1st Cavalry Division (Kingdom of Yugoslavia)
The 1st Cavalry Division of the Royal Yugoslav Army was established in 1921. It was part of the Yugoslav 1st Army Group during the German-led World War II Axis invasion of Yugoslavia in April 1941. The divisional headquarters and all attached units were captured by armed Croat fifth column groups, or surrendered to German troops.
About 1st Cavalry Division (Kingdom of Yugoslavia) in brief
The 1st Cavalry Division of the Royal Yugoslav Army was established in 1921. In peacetime it consisted of two cavalry brigade headquarters commanding a total of four regiments. It was part of the Yugoslav 1st Army Group during the German-led World War II Axis invasion of Yugoslavia in April 1941. The divisional headquarters and all attached units were then captured by armed Croat fifth column groups, or surrendered to German troops. Shortly before the end of the war, an abortive abortive engineer squadron was established before the division was fully mobilised. The theoretical strength of a Fully mobilised Yugoslav cavalry division was 6,000–7,000 men, with a maximum strength of 8,000. The 2nd CavalryDivision, which was manned by a mixture of full-time and part-time personnel, was located in southeastern Yugoslavia’s Niš region. It consisted of four cavalry squadrons, a machine gun squadron, an engineer squadron, and an anti-aircraft squadron. The brigade headquarters was based in Belgrade, and the division’s cavalry regiments were based in Zagreb. It had a wartime organisation specifying one cavalry brigade HQ commanding two or three regiments, and divisional-level combat and support units.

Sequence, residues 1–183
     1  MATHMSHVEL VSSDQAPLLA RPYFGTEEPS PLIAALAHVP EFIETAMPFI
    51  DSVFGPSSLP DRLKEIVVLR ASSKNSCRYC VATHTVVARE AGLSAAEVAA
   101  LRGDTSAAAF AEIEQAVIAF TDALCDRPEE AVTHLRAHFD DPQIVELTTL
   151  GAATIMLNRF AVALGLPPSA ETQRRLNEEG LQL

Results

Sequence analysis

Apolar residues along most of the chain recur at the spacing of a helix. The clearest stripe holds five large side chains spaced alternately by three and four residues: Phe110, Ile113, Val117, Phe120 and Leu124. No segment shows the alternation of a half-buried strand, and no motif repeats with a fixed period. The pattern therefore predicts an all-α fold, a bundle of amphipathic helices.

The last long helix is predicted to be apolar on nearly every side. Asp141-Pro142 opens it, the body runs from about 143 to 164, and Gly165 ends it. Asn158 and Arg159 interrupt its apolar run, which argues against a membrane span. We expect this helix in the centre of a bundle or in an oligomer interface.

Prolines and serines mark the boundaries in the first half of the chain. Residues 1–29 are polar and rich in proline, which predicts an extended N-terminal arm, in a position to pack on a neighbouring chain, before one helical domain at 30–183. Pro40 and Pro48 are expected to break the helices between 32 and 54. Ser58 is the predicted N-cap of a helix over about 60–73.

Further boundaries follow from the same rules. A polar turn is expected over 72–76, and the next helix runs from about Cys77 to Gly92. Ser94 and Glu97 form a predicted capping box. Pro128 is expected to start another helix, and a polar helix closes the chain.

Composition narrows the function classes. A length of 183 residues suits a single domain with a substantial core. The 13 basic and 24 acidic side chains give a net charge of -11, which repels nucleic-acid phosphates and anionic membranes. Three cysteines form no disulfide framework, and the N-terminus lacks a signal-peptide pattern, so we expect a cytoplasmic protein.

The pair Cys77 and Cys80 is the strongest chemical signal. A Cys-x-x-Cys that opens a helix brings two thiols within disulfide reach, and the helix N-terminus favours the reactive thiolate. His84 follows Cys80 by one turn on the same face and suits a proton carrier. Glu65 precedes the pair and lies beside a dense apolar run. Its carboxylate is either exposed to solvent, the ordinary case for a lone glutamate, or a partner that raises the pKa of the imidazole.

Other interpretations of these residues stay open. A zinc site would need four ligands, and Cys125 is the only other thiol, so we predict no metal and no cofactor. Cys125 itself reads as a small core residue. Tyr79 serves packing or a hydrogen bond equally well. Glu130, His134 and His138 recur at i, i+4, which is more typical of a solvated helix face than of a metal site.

The 1st cavalry brigade was the only cavalry brigade in the Yugoslav Army during the Second World War. The German 14th Panzer Division captured the division on 10 April 1941, with the rest of the division being detached for duty with other formations of the 1stArmy Group. The army was formed around the nucleus of the victorious Royal Serbian Army, as well as armed formations raised in regions formerly controlled by Austria-Hungary. Many former Austro-Hungarian officers and soldiers became members of the new army. In 1929, King Alexander changed the name of the country to the Kingdom of Yugoslavia, at which time the army was renamed the Royal Yugoslavia Army. From the beginning, much like other aspects of public life in the new kingdom, theArmy was dominated by ethnic Serbs, who saw it as a means by which to secure political hegemony for the large Serb minority. The weaknesses of the VKJ in strategy, structure, equipment, mobility and supply were exacerbated by serious ethnic disunity within Yugoslavia, resulting from two decades of Serb hegemony.